Veryfing that files/folders has been created on SUT


as a newbie I got first problem that I cannot solve by myself + EP Reference :wink:

Test script created has to do simple installation process of tiny application. As a verification of such test case script should not only notice if install wizard window is closed after installation process but also it should check if appropriate files/folders has been created on appropriate path on HDD.
As I’ve searched SenseTalk manual, files and folders function allow only to check only on driver machine not SUT one. So what will be the easiest way to verify if everything is in place after installation?

Thanks in advance for any suggestions :slight_smile:


The easiest thing to do would be to mount the file system of the SUT on the Eggplant machine. Then you can use the SenseTalk file system features to check that the filles are present.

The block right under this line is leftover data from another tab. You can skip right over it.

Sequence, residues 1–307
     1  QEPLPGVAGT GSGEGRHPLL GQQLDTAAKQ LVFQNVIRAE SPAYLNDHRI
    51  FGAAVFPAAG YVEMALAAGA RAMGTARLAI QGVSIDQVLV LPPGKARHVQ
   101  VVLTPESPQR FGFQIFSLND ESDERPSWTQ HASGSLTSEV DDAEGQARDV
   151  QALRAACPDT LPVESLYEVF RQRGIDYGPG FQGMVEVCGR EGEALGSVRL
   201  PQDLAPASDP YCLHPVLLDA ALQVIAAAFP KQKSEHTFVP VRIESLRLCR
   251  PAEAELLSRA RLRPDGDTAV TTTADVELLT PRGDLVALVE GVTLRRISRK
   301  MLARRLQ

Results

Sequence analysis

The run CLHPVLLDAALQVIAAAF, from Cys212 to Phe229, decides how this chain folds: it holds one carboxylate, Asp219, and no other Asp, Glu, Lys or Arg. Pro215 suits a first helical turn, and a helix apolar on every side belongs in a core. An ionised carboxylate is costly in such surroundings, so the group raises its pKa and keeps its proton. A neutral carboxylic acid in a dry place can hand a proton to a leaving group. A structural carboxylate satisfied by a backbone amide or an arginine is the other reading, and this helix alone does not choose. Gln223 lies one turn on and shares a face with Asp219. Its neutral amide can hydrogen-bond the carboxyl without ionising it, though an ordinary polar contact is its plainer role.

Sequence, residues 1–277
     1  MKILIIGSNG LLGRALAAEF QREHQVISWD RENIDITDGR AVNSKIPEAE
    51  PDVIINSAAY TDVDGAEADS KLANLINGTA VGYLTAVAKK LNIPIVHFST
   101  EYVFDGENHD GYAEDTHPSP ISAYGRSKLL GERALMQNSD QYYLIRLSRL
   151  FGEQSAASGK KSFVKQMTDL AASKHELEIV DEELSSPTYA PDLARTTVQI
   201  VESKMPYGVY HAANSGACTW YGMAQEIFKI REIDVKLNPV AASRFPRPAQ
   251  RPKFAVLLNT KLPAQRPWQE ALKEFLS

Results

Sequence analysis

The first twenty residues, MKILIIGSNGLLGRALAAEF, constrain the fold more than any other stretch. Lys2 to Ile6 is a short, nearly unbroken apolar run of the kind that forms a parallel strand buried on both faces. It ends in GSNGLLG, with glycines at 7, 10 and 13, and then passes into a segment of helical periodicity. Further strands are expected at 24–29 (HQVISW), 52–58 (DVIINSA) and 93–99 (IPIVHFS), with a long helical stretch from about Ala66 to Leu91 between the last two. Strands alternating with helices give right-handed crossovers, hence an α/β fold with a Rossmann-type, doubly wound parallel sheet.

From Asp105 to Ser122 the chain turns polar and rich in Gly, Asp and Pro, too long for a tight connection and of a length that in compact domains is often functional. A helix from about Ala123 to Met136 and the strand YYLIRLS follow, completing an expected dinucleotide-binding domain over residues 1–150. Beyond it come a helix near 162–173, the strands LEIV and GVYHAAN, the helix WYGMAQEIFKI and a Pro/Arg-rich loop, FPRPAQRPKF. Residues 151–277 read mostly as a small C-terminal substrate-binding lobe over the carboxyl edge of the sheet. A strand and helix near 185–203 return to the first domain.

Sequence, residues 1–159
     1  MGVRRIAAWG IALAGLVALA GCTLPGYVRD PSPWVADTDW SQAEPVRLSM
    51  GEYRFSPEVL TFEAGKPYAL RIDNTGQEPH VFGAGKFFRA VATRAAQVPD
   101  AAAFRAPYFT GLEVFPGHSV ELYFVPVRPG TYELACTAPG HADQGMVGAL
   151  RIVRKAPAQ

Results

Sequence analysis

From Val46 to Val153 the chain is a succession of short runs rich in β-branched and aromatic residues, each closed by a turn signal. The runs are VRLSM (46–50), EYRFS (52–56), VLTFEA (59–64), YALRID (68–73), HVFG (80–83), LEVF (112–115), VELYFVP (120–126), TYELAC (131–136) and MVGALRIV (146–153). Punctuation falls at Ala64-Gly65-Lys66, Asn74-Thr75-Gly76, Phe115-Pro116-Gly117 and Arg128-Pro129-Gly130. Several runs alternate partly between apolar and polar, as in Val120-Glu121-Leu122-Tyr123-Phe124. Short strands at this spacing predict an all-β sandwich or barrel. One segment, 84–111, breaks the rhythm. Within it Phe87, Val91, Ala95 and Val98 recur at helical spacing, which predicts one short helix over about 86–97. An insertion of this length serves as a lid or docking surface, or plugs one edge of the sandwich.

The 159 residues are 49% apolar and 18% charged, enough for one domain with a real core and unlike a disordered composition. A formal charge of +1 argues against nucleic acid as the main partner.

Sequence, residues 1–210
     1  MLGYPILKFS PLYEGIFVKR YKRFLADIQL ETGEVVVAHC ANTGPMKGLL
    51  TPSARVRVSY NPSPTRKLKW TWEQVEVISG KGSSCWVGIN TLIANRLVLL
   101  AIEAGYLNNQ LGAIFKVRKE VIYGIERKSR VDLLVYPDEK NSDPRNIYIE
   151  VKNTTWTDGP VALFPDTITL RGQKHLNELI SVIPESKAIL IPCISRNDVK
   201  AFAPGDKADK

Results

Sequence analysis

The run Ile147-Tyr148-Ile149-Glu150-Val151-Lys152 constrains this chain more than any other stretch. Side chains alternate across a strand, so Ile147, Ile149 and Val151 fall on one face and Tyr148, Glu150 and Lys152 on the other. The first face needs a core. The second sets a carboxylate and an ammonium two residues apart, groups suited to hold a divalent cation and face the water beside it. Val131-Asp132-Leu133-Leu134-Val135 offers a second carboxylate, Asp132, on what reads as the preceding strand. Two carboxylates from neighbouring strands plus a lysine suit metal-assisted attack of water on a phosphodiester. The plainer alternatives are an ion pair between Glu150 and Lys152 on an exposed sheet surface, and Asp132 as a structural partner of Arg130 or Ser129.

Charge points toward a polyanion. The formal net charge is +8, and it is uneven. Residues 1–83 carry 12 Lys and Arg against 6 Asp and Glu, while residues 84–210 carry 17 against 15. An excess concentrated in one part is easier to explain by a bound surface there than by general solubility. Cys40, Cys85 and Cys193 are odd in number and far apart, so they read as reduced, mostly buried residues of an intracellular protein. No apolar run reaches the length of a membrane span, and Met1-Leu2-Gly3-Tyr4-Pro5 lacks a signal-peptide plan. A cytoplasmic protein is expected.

if file "/path/to/file" does not exist
    logError "file not found"
end if

Otherwise, you’ll need to create a script that goes through the Finder or Explorer (or whatever file viewer is available on the sut) using the standard image-based approach and just look for the names of the files.

Using SenseTalk solution you’ve shown would it be a problem if SUT filesystem is NTFS?

No, that should not make a difference. As long as you can mount the drive, I think Eggplant will be able to access it.

Generally, reading files from NTFS should work fine. But you may run into issues with line endings in the file. Currently, when reading a file’s contents, SenseTalk assumes that lines in a file are separated by linefeed characters (the Mac OS X and Unix standard). Usually Windows files use CRLF line endings (with both a carriage return and a linefeed character at the end of each line).

So if you read a Windows file like this, you’ll get carriage return characters included at the end of each line:

put each line of file "/some/windows/file" into listOfLines

Instead of using the “line” chunk type, you can read the file and split it into a list like this:

put file "/some/windows/file" split by CRLF into listOfLines

Or if you prefer to work with it as lines of text rather than a list, you can do this:

put file "/some/windows/file" into text
replace every CRLF in text with Return

If you’ll be modifying the text and writing it out again, be sure to replace the returns with crlf again before you write it out.